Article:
As cool to the touch as they are to look at, concrete countertops offer a trendy yet tough work surface for the kitchen-a space where the concrete will inevitably succumb to stains and scratches over time. Should any of these superficial flaws appear on your countertop, the best way to restore the surface is simply to grind it down, then restain and reseal it. Lucky for you, stains and scratches rarely penetrate deeper than the top layer of a concrete countertop, so you don't have to remove too much of the surface to get rid of them. Wearing a respirator mask and protective eyewear to keep the airborne concrete dust at bay, sand the entire surface in several passes using a handheld grinder fitted with a series of diamond grinding pads. Work in graduated grits, beginning with a 50-grit pad to remove any stains and scratches, then move up to a pad as fine as 400 grit for an ultra-smooth, polished surface.

Next, apply a good penetrating stain like Quikrete's Penetrating Concrete Stain to the sanded surface to enhance the natural beauty of your countertop with one of a variety of rich hues. Protect your countertop's fresh new look with a sealer like Quikrete's Concrete & Masonry Waterproofing Sealer, which will prevent damage from acidic spills, such as vinegar or lemon juice. (A sealed countertop is likely to develop a warm and inviting patina, which most homeowners love, over its first few months.) Finally, once the sealer is dry, get your countertop ready for meal prep by finishing with a layer of glossy, food-safe wax, such as carnauba.

Replace Worn Patio and Driveway Expansion Joints
Expansion joints are set in large expanses of concrete to prevent the surface from developing cracks as sections shift imperceptibly over time as a result of temperature fluctuations or soil movement. If, however, these joints were never sealed, or if the old sealer has since hardened, crumbled, or pulled away from the concrete in spots, the joints cannot do their jobs. Once damaged, these spaces can allow water to seep under the concrete surface, which increases the risk of soil movement and can result in cracks.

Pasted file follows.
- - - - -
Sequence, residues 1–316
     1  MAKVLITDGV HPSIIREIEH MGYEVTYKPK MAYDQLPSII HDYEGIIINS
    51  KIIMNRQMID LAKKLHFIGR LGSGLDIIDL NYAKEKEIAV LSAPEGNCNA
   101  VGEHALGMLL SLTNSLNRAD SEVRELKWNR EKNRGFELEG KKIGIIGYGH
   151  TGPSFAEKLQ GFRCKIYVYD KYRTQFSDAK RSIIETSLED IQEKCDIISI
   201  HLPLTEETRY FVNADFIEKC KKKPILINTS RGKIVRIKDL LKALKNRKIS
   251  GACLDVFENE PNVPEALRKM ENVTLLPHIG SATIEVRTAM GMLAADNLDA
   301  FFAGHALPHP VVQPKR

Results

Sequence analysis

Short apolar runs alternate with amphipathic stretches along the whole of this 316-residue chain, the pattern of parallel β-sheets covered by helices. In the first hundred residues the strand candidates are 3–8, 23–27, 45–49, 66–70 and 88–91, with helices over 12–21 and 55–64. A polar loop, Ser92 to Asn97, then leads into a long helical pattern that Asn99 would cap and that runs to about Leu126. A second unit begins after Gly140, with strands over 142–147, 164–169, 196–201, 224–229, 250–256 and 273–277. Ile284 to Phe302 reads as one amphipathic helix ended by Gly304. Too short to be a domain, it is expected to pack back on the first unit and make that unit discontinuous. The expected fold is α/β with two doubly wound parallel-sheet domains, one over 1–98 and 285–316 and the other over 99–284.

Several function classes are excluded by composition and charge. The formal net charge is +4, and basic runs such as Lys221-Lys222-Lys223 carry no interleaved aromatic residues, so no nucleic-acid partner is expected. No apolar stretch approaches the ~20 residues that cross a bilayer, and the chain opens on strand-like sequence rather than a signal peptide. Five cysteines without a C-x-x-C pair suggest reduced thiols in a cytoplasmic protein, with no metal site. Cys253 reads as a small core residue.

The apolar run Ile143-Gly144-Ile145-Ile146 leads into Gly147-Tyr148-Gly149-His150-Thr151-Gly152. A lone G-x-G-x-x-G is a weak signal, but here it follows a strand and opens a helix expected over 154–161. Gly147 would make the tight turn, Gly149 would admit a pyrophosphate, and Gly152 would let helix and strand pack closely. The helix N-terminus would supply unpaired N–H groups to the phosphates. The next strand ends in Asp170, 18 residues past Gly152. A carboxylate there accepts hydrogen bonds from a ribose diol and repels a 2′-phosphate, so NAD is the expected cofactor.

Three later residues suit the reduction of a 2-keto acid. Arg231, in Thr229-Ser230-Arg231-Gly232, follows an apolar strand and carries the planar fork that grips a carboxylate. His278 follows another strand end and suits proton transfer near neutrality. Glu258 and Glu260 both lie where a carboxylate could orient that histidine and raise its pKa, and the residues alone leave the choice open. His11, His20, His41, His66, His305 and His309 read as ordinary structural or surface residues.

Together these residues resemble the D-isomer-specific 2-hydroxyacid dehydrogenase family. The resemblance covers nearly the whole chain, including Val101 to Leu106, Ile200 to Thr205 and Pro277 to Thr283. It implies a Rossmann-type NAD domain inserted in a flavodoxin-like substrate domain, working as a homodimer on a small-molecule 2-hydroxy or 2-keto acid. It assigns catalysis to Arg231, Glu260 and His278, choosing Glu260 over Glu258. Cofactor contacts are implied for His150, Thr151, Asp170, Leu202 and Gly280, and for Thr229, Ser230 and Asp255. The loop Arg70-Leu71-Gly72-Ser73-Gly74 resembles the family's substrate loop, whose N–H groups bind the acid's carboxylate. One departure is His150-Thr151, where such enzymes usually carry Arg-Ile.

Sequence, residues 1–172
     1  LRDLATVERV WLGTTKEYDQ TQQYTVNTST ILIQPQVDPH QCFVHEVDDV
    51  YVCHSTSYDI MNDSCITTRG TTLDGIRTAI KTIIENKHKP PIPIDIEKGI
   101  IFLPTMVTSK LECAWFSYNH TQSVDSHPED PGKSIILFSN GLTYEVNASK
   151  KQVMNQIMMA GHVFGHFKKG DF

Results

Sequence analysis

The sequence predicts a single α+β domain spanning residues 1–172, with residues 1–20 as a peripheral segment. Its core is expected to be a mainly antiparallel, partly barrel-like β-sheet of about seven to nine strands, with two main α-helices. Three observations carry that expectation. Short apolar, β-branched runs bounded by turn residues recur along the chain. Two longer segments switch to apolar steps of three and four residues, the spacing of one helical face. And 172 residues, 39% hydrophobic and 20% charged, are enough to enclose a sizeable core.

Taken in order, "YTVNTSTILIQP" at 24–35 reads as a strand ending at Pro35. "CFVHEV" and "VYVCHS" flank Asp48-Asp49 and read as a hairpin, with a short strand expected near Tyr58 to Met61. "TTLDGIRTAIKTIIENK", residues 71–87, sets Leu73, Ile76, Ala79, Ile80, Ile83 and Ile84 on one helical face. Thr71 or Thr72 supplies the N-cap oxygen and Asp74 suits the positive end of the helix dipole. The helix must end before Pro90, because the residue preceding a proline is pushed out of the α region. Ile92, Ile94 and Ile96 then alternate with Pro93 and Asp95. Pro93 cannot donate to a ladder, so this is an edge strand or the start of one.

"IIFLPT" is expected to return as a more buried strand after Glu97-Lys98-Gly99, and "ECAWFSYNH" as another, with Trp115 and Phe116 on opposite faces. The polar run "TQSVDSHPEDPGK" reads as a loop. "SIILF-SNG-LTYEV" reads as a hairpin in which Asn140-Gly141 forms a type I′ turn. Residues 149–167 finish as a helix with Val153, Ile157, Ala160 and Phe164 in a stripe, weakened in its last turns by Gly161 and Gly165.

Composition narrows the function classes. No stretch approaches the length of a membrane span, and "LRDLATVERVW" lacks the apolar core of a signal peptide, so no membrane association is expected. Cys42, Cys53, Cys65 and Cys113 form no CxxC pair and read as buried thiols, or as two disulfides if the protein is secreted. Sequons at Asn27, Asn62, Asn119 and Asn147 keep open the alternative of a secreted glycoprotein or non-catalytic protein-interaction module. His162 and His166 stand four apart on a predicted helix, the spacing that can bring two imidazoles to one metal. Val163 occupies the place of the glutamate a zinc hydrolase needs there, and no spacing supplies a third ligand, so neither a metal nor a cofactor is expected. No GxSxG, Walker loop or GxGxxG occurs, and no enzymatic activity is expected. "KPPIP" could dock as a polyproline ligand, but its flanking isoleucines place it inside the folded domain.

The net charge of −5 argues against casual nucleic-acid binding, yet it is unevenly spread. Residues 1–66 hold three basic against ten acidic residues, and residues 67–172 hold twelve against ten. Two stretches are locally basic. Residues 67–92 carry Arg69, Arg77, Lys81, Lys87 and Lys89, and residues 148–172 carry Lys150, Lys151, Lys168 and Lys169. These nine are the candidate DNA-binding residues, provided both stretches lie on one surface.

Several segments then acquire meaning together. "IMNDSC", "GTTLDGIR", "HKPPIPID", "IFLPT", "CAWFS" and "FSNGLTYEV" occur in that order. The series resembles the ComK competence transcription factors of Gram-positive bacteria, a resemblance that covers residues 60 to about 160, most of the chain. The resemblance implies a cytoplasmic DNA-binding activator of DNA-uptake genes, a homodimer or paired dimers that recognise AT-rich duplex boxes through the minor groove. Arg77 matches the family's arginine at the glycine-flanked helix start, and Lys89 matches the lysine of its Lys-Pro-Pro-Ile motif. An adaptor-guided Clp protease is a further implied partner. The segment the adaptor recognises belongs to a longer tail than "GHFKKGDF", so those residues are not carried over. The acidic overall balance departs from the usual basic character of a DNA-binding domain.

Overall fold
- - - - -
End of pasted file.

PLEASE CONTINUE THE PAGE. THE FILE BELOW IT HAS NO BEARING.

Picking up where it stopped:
You can prolong your patio's lifespan by removing the old sealant, cleaning the joints, and applying new sealant. As with all concrete repairs, the surface must first be cleaned of dirt, debris, and grease. For hard-to-remove stains on exterior slabs, use Quikrete's Concrete and Asphalt Cleaner, which is applied with a stiff brush and then rinsed off with a hose. Cut away hardened sealant from expansion joints using a utility knife. If any of the expansion joints are ½ inch or wider, insert a compressible foam “backer rod” into the joint first to prevent sealant from sagging between slabs, leaving approximately ¼ inch of space above for the sealant. After the joints have been cleaned and prepped, squeeze Quikrete's Self-Leveling Polyurethane Sealant into each joint using a standard caulk gun. When you're ready to get started, review this video for a close look at every step in the process, from prepping the joints to applying the new sealant.

Plug Leaky Basement Walls
Lateral pressure from the soil outside can cause basement walls to develop cracks over time. More than just unsightly, these cracks also increase the risk of groundwater seeping into your basement. As long as the cracks are small (¼ inch or less) and the wall isn't showing signs of structural failure, you can reduce the likelihood of winding up with a wet basement by sealing the cracks immediately with Quikrete's Hydraulic Water-Stop Cement. When mixed according to the instructions and applied as shown in this video tutorial, the cement takes on a putty-like consistency that can easily be pushed and molded into the cracks. The material expands, locking it into place permanently.

So, now that you know how easy it is to make some basic concrete fixes around the house-and which products are best for each application-what's stopping you? Get to work cleaning up small cracks, untidy edges, and rough surfaces to give your house a neater, more polished appearance.